Thursday, September 13, 2012

The Ivory Cubicle | Beauty, Ethics and Politics

“Late have I loved you, O Beauty ever ancient and ever new! Late have I loved you! And, behold, you were within me, and I out of myself, and there I searched for you.” –St. Augustine

Two years ago, I found myself on a plane en route to Denver. For some reason, God has a tendency of using plane flights to knock me over the head with some spiritual truth he wants me to learn. The sun had just begun to dip below a thick cloud cover, which was punctured by the misty peaks of the Rocky Mountains. The plane dipped below the cloud cover, and suddenly the nightlights of Denver appeared before me.

The contrast was stark. On one hand was nature in all her beauty. The other, with its own particular shade of beauty, was a picture of man settled into daily monotony, with scarcely the time to take notice of the grandeur around him.

The Beautiful and the Good

Western philosophy (specifically Plato) has traditionally recognized a unity of the True, the Good and the Beautiful. Christian philosophy has gone a step further and argued that truth, goodness and beauty ultimately find their source in God, and that God is the most objectively true, objectively good, and objectively beautiful being. If man fails to observe the most truly beautiful being, God, it is not because God is not beautiful, it is because man is perceiving beauty improperly. Fallen man is “out of himself,” to borrow Augustine’s choice of words, but God remains always with us.

But recently, the entire notion of objective beauty has come under attack, with subjective clichés such as “beauty is in the eye of the beholder.” Under this theory, beauty is not something intrinsic to an object, it is a preference that the observer ascribes to an object. This critique has come from the same post-modern philosophy that argues “truth is relative,” and though Christians have rushed to the defense of “the True,” pointing out the absurdity of post-modern logic, they’ve been less apt to jump to the defense of “the Beautiful.”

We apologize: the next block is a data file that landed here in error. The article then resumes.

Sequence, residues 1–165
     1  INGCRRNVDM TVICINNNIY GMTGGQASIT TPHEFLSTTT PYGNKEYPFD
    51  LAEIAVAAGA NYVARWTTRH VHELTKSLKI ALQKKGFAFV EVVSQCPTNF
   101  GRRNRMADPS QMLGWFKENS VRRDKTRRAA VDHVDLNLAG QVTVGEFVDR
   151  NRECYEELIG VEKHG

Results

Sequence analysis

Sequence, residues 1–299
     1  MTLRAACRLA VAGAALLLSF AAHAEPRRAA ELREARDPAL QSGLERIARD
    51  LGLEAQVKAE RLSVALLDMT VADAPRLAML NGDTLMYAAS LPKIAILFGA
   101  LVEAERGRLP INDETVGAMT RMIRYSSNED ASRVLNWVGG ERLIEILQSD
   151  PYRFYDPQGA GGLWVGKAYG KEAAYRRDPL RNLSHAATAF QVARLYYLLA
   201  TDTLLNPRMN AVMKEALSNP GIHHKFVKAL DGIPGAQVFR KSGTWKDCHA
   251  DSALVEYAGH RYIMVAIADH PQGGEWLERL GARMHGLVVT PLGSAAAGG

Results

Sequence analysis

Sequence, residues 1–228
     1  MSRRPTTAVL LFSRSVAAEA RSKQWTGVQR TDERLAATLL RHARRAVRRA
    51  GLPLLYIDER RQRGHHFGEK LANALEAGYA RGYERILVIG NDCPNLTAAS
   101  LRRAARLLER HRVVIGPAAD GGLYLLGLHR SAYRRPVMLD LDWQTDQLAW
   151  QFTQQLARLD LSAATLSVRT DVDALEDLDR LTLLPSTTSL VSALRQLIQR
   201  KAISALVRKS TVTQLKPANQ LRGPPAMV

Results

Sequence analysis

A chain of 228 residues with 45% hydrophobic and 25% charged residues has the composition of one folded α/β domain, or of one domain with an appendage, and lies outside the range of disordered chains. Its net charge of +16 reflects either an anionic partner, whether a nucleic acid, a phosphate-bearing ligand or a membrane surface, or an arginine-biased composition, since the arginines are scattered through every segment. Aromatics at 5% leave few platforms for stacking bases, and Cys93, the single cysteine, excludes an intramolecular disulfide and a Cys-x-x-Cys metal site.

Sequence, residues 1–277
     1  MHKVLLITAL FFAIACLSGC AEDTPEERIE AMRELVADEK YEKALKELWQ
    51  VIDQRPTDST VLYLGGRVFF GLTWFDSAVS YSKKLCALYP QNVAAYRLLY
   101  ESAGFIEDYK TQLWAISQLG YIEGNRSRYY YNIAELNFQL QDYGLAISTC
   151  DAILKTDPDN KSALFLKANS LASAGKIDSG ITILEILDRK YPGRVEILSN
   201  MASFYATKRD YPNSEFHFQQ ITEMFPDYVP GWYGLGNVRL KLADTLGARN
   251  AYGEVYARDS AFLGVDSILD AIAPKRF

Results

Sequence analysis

Yet when it comes to Christian ethics, beauty is fully as important as truth. Beauty informs us of what is valuable, and ethics is the art of pursuing what is valuable. If man is able to arbitrarily decide what is beautiful, then his ethics will reflect that arbitrary nature. If money is valuable to him, and human life is not, then he will have no compunction with ruthlessly crushing human life in order to gain money.

Until this point, the article has been fairly abstract, so let’s take a look at a concrete issue that will highlight the importance of beauty in our political lives. The pro-abortion movement has made a value judgment that the human being is worth less than the gratification that comes from a life of ease. Conversely, the pro-life movement has grounded their argument in the concept that the human being, created in the image of God, is worth the sacrifice of a life of ease, and indeed, that the joys gained from raising godly children far outweigh the pain.

The order of reasoning is this. Man, as the imago dei, is a beautiful creation of our God. As such, he is valuable, and worth preserving. Consequently, we ought to preserve him. We start with beauty, we move to value, and from that, we determine what is right and wrong. If, as often happens in our post-modern culture, we argue that “beauty is in the eye of the beholder,” then we have to live with a philosophy of “right and wrong is in the eye of the beholder.” The Christian’s task, therefore, is to conform his sensibilities to God’s, so that he can see beauty the way that God sees beauty, and live the way God desires him to live.

By Nick Barden

Photo of a sunset over a Rocky Mountain lake, by yours truly.

1 comment:

  1. Gungor song derived from the the Augustine quote above.